Ark hosting 4 masters of the instrument for International Guitar Night
So, needless to say, he’s looking forward to returning to Ann Arbor when the IGN comes to The Ark on Saturday.
“When I was 8 years old, my mother became ill, and I moved out to California, to live with some aunts, and I never returned,” says Gore, who later learned he has two half-sisters and a half-brother in Ann Arbor, who he just re-connected with last year.
“So that will be wonderful, to see them again, and to return to the place where I saw my first concert. I remember that my aunt took me to that show, but I can't remember who the artist was," he says.
Gore founded IGN in 1995 to introduce audiences to different styles of acoustic guitar music. For each tour, he’s made it a point to recruit players from other countries and cultures.
“I think it’s impossible to portray acoustic guitar music without it being from a global perspective,” says Gore from his home in Los Gatos, Calif. “The global nature of it goes to the history of the guitar. So, right from the start, we made sure we included guitarists from different countries.”
IGN has also released several albums. The most recent, “International Guitar Night VI,” was released in September, and features cross-cultural collaborations among those four players.
Reinhardt grew up playing the Gypsy jazz style with his father and brothers, but he also studied Latin American and flamenco styles. The result is a style he refers to as Latin swing.
Piera, meanwhile, is classically trained, and is also an arranger, with a specialty in Brazilian rhythms. “He’s really helped mainstream modern Brazilian music into the classical repertoire,” says Gore.
For more detail about Legg, see my April, 2011 story on him.
As for Gore himself, he cites Michael Hedges, Alex de Grassi and Pierre Bensusan as among his greatest influences, and he also incorporates Brazilian elements into his style. “Where I grew up in California, there is a lot of fingerstyle guitar, and I like working in an impressionistic mode that’s poetic and emotive, using a lot of alternate tunings.”
Here’s how an IGN tour / album works: “About six months before a tour, we’ll get together, and create a program of all-original compositions,” explains Gore. “Then we’ll rehearse for a couple of days, and then do a concert, which is recorded, and that becomes the album.”
Having just 2 days to rehearse is a “big challenge, and it’s trial by fire, but there is not one time when we haven’t knocked it out of the park,” says Gore with pride. “That approach really brings out the best in the players.”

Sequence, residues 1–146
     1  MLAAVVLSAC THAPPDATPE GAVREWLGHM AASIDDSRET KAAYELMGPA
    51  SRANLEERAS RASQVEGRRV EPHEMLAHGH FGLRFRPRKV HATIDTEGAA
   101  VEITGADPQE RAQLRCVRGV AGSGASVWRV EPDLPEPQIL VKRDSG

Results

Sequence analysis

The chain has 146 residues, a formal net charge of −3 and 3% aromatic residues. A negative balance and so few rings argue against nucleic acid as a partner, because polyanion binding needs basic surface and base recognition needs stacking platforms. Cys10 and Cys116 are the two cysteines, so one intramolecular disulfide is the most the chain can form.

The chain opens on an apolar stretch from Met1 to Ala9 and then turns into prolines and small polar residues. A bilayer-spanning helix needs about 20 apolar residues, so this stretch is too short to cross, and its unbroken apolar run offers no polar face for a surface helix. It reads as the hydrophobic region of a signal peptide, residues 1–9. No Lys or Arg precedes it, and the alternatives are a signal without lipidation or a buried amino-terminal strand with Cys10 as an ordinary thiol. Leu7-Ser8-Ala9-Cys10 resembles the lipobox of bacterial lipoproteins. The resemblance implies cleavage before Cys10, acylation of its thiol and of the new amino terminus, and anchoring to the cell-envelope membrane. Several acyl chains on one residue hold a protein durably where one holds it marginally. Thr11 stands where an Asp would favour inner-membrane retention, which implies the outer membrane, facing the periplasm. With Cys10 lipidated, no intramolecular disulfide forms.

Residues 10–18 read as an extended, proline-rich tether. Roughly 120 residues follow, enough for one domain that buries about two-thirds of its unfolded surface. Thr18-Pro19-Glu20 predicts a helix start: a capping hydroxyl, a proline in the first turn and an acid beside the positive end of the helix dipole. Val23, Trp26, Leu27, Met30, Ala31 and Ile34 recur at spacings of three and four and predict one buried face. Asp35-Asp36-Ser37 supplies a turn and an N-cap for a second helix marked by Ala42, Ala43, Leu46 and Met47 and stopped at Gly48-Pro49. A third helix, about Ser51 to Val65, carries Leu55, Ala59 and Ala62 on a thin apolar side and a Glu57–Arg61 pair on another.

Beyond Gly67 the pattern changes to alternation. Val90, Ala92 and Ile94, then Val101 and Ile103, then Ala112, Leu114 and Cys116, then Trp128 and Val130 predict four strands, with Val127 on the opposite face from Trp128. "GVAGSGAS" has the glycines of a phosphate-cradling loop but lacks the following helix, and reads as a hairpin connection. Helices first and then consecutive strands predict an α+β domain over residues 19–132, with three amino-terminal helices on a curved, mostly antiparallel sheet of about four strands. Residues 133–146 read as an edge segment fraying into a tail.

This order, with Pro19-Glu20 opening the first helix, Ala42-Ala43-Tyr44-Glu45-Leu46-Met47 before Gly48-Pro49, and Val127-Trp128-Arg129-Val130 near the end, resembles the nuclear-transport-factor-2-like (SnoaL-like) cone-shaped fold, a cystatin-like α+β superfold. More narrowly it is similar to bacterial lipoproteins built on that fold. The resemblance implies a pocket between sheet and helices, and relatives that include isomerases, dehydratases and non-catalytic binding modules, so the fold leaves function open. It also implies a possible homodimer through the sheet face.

On the latest disc, one thing Gore wanted to do was to “do some stuff with slide guitar, which is kind of a departure for me, because really don’t play the slide that often, but I recently became interested in Indian slide-guitar music, and the way the slide lends itself to Eastern music.” Indeed, Gore’s slide work on the album has a raga-fied quality.
Another way “VI” is different than previous IGN releases is that it has more of a jammy, improvisational quality. “Some of the pieces are quite loose and open, a lot more than what has been typical on previous IGN albums.”Yet another new aspect to the recent album and current tour is that electric guitar has been introduced into the IGN mix for the first time—in a manner of speaking. “Adrian has this acoustic-electric that he had custom-made for him by the builder, who he worked very closely with,” says Gore. “So it has an electrified aspect that we’ve debated about for a long time, but he still uses his usual fingerstyle approach, and his technique also resembles the approach one would use when playing a lap-steel.”
The show itself is split into two sets. In the first set, each player performs two solo songs each, and then they all assemble as a quartet for one piece at the end. And the second set is all four of them, playing together in the same quartet configuration.
“People often wonder, when they hear us play solo, how our different styles will mesh when we play together,” says Gore. “I think it’s interesting to show the audience the ways in which these styles are different, but also the ways in which they are similar.
“Adrian and I have some commonalities, and Lulo and Marco have some commonalities,” says Gore, before adding, with a laugh, “And with Adrian and Marco, there is both surprise and elation.”
Kevin Ransom, a free-lance writer who covers music for AnnArbor.com, can be reached at KevinRansom10@aol.com.